The Balance: Flexibility vs. Routine

image from Heidi Stock Digi Design

Working from home is awesome.

You can hop out of bed (or not!) and be at work in seconds. No long commute for you!

You’re close to your kettle, your fridge, your TV, your bed, your couch, possibly your significant other and children, your pets…

In short, you’re close to all the things that make life relaxing and sweet, but that can also distract the heck out of you!

Those of you who have a ‘regular’ job (or those of us who remember what it’s like) will know that having a J-O-B brings with it a certain routine. You have to get up at the same time, get showered/dressed/fed. You have an external force that drives the shape of your day.

There’s a certain rigidity to this, sure – but there’s also a certain sense of peace that comes with routine. You don’t have to make the decision to get up, dressed, and out the door anew each day – it’s just something you do. A habit.

For those of us who work at home (and especially those of us without kids to organise), it can be a real struggle to create this same sense of routine in our lives.

Part of the joy of working from home is that we don’t have to adhere to routine. We have a sweet, endless sense of flexibility to our day. If we want to brush off work and go for a bike ride, we can. If we want to sleep in, we can. If we want to have an impromptu 3-hour lunch with a friend, there’s nothing stopping us.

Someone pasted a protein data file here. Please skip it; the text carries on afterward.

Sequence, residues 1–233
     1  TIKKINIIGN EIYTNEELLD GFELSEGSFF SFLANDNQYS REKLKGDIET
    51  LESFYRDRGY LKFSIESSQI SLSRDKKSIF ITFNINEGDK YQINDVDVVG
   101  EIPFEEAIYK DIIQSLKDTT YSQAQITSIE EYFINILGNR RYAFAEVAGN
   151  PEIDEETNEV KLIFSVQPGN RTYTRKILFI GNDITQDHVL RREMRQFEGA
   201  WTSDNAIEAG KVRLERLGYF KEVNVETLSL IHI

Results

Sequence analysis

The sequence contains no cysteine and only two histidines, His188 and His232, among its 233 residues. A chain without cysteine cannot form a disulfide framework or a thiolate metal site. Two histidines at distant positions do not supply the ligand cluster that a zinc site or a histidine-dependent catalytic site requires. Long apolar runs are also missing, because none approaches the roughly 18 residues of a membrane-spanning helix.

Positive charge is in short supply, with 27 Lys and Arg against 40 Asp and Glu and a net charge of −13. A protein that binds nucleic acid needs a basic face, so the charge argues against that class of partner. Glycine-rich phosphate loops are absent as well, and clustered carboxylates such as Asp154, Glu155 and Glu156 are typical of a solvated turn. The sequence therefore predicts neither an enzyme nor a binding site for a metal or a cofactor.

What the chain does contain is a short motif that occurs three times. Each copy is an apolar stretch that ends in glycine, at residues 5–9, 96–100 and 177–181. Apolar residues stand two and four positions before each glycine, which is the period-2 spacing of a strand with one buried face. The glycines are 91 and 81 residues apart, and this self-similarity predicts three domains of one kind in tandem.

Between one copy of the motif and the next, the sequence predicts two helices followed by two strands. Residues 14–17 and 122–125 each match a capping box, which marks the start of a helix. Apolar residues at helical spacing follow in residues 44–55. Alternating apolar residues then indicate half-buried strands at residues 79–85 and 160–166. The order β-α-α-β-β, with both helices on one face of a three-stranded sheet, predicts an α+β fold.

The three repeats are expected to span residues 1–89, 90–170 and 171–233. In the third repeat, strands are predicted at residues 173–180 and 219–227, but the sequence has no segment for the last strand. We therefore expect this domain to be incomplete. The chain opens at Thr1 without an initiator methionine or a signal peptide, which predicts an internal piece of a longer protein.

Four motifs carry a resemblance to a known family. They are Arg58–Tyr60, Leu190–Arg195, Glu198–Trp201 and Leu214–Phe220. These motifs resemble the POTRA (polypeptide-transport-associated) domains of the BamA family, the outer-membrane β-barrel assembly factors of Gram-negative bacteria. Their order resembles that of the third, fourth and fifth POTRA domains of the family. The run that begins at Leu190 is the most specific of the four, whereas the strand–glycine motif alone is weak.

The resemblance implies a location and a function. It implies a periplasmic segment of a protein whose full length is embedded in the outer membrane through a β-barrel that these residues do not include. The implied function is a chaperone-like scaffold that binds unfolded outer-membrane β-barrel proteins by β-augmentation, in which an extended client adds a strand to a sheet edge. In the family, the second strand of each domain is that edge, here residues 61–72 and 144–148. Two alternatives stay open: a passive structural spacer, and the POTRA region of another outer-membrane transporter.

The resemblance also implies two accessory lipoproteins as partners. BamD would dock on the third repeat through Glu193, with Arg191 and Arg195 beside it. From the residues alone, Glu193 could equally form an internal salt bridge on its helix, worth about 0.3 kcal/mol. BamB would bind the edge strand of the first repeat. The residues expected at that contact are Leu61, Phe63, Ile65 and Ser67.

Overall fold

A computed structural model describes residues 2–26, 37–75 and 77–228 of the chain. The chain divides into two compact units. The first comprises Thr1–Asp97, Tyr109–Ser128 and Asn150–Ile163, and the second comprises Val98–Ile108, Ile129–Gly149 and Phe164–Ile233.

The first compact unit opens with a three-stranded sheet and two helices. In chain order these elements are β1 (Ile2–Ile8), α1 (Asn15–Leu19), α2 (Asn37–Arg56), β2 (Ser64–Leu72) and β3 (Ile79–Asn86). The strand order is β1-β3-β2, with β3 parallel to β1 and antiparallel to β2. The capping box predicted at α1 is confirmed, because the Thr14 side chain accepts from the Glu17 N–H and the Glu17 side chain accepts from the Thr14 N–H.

However, within this flexibility lurks the danger of laziness. No one but us is making us work/get up/exercise/answer those emails.

Spending every day in this flexible state can end up resulting in feelings of stress and overwhelm, where we just jump from one task to the other without any sense of calming daily structure.

I know I’ve struggled with this a lot in my own life; when I don’t impose some sort of routine on myself, it all just turns into a bit of a hot mess.

I asked my fellow creatives how they cope with this – to share one core routine or ‘keystone moment’ in their day that helps them to stay focussed and feel in control.

The existence of this constant balancing act between flexibility and routine came out loud and clear in their responses.

Ensuring I have a lunch break is really important. Also acknowledging that sometimes I can be flexible and work in the evening rather than only 9am-5pm ~ Cate Lawrence

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Dedicating/ scheduling a day for certain activities such as bookkeeping activities. That way there is more or less a dead line to be met to have all information to be gathered by and provides a routine. ~ Megan Beverley

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I generally write off my mornings! I’m a night owl and am not very effective in the morning, so instead of trying to fight it I see that time as being for catching up on the news, socialising online and having a good, leisurely breakfast. At lunch time-ish is when I get started with work and I generally do some sort of work until bed time. ~ Simone Walsh

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I found getting up in the morning, eating a good breakfast and having a shower as if I was going to work helps. ~ Elle Roberts